Submitted by Mohammed Sami on Tue, 07/23/2019 - 10:35


The oil and gas industries have long served as pivotal generators of Syria’s wealth. At its peak, Syria produced around 385,000 Bpd of crude oil along with 21 million m3 of natural gas, together weighing around 35% of export revenues and 20% of national income. However, the oil and gas industries suffered considerable setbacks following the events that unfolded in 2011. Fields rich with natural resources fell under the control of rebel groups at best or were damaged as a result of the armed confrontations at worst. Reaching the end of 2016, the government's production of oil slumped into 2,000 Bpd along with 6.5 million m3 of natural gas.


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According to the Syrian Ministry of Oil and Mineral Resources, the country's financial loses are estimated at $74.2 billion in the oil and gas industries during the years of conflict. In line with the government’s recent territorial regains, oil and gas productions witnessed a relative increase. In 2017, oil production reached 24,000 Bpd along with 17 million m3 of natural gas. However, these figures yet remain distant from covering the country’s daily consumption rates. Syria requires around 136,000 Bpd and a further 20-30% increase in gas production to secure the country's daily consumption rates.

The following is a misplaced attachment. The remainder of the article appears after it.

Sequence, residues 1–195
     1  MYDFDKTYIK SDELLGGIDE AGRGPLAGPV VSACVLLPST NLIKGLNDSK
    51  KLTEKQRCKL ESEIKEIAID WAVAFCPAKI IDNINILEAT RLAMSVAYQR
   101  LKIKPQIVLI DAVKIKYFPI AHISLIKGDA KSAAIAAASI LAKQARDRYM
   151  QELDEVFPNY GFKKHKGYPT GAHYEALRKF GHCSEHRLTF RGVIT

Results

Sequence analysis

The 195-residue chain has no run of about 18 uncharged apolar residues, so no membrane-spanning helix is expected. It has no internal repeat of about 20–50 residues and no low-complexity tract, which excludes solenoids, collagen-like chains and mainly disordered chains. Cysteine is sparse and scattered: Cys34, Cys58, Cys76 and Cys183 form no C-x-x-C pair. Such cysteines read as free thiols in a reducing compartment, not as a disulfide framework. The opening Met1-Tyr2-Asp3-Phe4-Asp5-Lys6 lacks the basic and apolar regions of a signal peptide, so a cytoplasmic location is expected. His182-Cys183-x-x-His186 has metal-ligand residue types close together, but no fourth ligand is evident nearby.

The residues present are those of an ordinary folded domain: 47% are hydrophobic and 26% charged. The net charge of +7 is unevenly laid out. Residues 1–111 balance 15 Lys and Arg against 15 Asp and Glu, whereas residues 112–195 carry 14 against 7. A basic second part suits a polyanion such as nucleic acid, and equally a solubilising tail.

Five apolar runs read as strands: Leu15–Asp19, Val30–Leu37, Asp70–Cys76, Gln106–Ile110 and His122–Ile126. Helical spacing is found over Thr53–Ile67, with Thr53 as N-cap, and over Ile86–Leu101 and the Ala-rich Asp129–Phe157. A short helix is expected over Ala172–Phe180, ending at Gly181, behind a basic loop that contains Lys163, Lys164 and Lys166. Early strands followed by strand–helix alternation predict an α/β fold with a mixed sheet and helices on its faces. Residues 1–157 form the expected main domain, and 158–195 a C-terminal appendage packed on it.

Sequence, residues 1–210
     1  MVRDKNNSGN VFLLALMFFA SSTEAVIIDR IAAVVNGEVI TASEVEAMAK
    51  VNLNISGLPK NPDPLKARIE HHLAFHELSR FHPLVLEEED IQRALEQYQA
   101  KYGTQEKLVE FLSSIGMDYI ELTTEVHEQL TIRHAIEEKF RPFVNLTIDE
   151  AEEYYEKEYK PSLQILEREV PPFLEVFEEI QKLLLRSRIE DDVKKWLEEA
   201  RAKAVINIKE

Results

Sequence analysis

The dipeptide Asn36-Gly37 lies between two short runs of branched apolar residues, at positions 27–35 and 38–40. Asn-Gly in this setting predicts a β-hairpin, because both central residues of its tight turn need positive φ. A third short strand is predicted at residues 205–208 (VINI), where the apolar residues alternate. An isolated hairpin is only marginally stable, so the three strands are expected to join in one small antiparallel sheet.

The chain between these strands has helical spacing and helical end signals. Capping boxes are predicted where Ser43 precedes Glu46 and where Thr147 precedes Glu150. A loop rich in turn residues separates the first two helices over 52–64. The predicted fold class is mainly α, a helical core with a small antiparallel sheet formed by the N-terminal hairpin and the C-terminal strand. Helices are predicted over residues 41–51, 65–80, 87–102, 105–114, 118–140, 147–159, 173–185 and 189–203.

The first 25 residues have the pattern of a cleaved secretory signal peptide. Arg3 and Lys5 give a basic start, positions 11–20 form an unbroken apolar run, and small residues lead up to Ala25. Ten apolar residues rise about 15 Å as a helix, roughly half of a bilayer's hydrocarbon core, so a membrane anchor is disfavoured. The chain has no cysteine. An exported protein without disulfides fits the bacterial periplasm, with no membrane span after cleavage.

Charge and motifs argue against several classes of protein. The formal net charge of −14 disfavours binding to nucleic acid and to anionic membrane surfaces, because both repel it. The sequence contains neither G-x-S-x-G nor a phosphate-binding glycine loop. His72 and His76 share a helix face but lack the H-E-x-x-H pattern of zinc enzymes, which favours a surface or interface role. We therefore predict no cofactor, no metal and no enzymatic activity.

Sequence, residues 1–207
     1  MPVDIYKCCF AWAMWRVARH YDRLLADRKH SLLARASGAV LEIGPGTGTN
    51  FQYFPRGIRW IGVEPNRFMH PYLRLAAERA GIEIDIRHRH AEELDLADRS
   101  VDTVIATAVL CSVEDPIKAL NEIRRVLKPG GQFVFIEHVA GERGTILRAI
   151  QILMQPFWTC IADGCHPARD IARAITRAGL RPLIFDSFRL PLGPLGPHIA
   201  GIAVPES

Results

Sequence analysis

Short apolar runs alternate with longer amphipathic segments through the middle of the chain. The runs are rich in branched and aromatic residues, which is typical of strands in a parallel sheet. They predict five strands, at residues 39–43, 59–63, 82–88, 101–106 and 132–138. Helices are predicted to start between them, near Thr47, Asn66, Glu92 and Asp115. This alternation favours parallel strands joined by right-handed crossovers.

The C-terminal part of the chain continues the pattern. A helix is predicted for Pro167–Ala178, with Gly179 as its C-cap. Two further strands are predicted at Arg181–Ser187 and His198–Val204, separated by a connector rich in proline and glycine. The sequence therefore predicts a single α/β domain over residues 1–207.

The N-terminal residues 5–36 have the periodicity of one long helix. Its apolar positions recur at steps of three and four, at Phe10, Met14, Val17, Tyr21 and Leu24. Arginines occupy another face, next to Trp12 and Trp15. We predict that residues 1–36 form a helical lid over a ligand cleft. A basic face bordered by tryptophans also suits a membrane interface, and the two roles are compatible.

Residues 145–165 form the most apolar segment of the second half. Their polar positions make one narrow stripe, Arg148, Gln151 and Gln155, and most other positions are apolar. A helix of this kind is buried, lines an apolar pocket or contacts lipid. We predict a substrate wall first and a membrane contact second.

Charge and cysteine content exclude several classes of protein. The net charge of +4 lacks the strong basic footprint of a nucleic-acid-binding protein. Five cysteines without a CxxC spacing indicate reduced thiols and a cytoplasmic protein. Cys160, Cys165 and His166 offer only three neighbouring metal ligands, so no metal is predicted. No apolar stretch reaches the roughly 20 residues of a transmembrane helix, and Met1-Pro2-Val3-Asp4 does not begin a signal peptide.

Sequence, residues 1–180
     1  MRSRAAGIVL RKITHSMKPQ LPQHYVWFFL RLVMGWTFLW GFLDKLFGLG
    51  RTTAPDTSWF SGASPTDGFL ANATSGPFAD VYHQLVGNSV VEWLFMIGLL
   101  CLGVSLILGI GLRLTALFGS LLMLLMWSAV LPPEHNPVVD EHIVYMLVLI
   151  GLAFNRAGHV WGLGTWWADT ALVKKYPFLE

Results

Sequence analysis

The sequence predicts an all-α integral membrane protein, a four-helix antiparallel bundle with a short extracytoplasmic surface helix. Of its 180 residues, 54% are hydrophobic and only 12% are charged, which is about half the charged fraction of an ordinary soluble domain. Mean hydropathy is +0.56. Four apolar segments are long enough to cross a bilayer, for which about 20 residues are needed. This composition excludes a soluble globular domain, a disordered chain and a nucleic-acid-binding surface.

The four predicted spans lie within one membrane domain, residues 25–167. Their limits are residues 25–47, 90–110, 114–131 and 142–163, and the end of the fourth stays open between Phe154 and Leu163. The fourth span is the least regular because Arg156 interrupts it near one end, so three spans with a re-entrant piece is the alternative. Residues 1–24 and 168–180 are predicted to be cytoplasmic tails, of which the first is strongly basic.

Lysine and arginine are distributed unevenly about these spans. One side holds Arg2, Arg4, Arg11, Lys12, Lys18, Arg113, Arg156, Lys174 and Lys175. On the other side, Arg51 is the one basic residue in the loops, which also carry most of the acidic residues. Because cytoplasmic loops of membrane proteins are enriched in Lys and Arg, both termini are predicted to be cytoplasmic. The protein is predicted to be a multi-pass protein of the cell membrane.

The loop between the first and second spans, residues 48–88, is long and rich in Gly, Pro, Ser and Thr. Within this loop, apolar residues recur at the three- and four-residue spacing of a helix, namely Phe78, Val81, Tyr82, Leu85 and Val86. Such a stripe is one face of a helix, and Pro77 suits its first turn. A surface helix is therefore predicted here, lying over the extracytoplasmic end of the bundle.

While oil-rich fields are concentrated in the east of the Euphrates under the control of the Syrian Democratic Forces, Damascus remains in a quagmire as a result of the very limited solutions it has in its arsenal to address this issue. The government is pushing for austerity that could be seen through its decision to allocate 20 liters of fuel for owners of private cars every five days. In addition to that, Damascus strives to fill in the gap between production and consumption through importing oil from its Iranian and Russian allies.


Notably, the government's attempts to contain the crisis are challenged with the United States policy of strangling the flow of oil into Syria. The sanctions decided by the US Treasury Department’s office in November of 2018 limited Syria's oil-importing networks. According to reports, Damascus didn’t receive a single oil tanker during the period between October 2018 and May 2019. This could further be identified through the British seizure of Iran’s Grace 1 oil tanker on suspicion of violating the sanctions imposed on Syrian President al-Assad earlier this month.